(2 days later)
He loves to snuggle and burrow into my hand or his bedding, especially after he is finished being fed
His ears have opened and he can hear today! I sneezed and he was startled by it
Started him on the cecotrope formula . I was not looking forward to this part (as it still seemed a little ‘yucky’ to me) but after he ate it I was glad I did it. He ate it slowly and I only fed him about 1/4 to 1/2 of a dropper full, then washed it down with his regular formula.
This is the first day he grabbed the tip of the dropper with his mouth and ate without me having to coax him! He sucked the milk out of the dropper and I only had to help him out a little by lightly squeezing the eyedropper, but I still had to be careful that I didn’t squeeze the milk out too fast (only about 1-2 drops at a time
Eyes are open!!!
He can hold his ears erect!
Cutting his feedings down to 3x daily
Has been doing well with the 3x daily feeding schedule. Because his feedings are less frequent, he obviously eats more during each feeding. The little guy ate 5 droppers-full tonight which is the most so far! He has also started licking my hand when I hold him
Today he is very listless…I’m worried. He hasn’t had much of an appetite for the past 2 feedings so I’ve had to somewhat ‘force feed’ him drip by drip, giving him about a dropper-full or two, each feeding, to make sure he doesn’t get dehydrated. I’ve also gone back to feeding more frequently (every 4-6 hours). I’ve also noticed for a while now that his bowel movements have been very hard so I’ve given him about 2 drops of mineral oil per feeding in hopes that constipation is what is making him not feel well.
Because of what I’ve read about them going downhill fast out of nowhere, I woke up expecting him not be with us anymore…to my relief he was alive but still very listless. His normally wiggling nose hardly moves and he just slowly crawls around like he has no energy. I slowly fed him breakfast, and then his drop or two of mineral oil after feeding him. I’ve continued the drop of mineral oil after each feeding all day. On his last feeding tonight, he seems to be feeling a little better, looking a little more alert and showed semi-interest in eating. We will see how he is in the morn…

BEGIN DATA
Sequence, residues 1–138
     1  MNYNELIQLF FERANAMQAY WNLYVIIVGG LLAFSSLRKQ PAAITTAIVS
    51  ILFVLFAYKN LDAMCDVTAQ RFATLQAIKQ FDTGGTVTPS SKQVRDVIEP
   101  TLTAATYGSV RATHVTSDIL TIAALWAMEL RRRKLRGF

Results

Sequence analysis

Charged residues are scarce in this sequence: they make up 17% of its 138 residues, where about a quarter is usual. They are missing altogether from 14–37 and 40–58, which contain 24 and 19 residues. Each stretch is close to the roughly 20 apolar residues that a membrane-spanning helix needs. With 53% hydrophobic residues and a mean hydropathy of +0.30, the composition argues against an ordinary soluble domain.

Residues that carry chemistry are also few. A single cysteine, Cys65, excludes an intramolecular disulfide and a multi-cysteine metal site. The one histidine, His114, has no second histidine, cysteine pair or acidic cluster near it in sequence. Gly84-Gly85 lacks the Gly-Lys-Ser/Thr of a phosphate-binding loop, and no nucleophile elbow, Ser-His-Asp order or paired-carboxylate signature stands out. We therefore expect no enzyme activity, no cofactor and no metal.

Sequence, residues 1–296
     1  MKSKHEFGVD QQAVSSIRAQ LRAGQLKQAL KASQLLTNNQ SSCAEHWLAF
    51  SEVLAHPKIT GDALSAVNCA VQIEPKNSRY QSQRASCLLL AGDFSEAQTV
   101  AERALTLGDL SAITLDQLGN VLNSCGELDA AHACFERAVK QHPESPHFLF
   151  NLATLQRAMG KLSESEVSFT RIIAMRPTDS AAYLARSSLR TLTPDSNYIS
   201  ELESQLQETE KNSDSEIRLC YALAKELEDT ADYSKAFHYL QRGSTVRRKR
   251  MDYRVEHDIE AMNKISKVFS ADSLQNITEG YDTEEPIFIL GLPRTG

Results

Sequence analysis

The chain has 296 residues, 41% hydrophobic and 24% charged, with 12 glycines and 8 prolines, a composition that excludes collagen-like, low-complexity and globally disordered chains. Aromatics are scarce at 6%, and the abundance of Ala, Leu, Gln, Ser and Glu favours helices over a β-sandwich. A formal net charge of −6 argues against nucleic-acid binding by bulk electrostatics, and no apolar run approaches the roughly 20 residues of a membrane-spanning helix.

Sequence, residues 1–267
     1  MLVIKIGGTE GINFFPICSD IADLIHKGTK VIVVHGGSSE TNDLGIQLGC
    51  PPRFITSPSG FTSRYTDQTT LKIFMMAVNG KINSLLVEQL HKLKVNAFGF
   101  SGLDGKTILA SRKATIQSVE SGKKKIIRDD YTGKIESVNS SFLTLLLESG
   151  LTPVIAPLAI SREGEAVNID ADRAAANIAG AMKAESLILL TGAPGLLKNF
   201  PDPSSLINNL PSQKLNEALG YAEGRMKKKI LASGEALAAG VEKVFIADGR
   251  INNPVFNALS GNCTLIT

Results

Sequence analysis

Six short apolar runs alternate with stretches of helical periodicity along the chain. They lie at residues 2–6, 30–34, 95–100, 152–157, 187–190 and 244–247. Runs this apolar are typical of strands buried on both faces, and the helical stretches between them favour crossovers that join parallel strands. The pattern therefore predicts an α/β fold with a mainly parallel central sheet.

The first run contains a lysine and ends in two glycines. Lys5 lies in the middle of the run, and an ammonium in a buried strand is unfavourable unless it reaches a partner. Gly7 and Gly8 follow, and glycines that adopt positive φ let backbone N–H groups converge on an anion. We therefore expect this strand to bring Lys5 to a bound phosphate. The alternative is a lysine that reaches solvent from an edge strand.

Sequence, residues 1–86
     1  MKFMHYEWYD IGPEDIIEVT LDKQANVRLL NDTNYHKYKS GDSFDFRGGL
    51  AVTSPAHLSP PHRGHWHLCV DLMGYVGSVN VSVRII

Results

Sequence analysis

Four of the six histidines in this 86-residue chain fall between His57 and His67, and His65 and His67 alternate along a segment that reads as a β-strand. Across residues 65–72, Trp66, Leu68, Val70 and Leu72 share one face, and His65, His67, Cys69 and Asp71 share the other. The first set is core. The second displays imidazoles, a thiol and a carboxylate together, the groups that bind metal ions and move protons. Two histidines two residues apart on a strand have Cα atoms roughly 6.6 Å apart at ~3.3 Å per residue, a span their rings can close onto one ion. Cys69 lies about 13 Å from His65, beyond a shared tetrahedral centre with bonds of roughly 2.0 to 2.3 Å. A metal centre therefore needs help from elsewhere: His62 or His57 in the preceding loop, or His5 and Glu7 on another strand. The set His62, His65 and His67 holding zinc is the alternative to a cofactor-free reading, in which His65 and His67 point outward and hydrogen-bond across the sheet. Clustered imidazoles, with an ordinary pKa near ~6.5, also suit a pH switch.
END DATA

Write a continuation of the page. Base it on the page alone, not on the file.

Little guy is poking his head out of his little hole when he hears me come in so he seems to be doing a little better. His little nose is back to it’s normal wiggle but he still just kind of crawls slowly around when he moves…BUT, he has been moving around his box more than he was since he started not feeling well. He semi-eagerly eats a dropper-full of milk and I slowly coaxed him to eat another 1/2 dropper-full, then topped it off with a drop of mineral oil, and then a few drops of milk to wash it down.
Little bun bun is feeling better, and he constantly licks my hand after eating! After his feeding tonight, I went out, picked some fresh grass, and offered it to him. He eagerly smelled it and started nibbling on a few pieces!
Have continued giving him grass after each feeding, he loves it!
Giving the 3x daily feeding schedule a try again
Have been back on the 3x daily feeding schedule for the past 5 days. He eats 6 or 7 droppers full per feeding. I still end the feedings off with 2 drops of food grade mineral oil (found in the pharmacy section of a grocery/drug store) to keep him regular, still help him to potty by rubbing him, then offer grass to nibble on. I also noticed that he’s starting to clean himself when done eating…Bun Bun is getting big!
Unlike domesticated bunnies who would normally become more tame with hand feeding, this this little guy became very skittish and alert as he got older. It became harder and harder for me to catch and feed him and at the 4-5 week weaning age, I knew it was time to prepare this growing baby to be set free.
Weaning him was easy…I simply moved his little nursery box with the heating pad outside and cut a hole in one end of the box, so that he could come and go as he pleased. I made sure there was plenty of water and grass for him to nibble on near the nursery box and after a few days, he was off and running around with all of the other little cottontails 🙂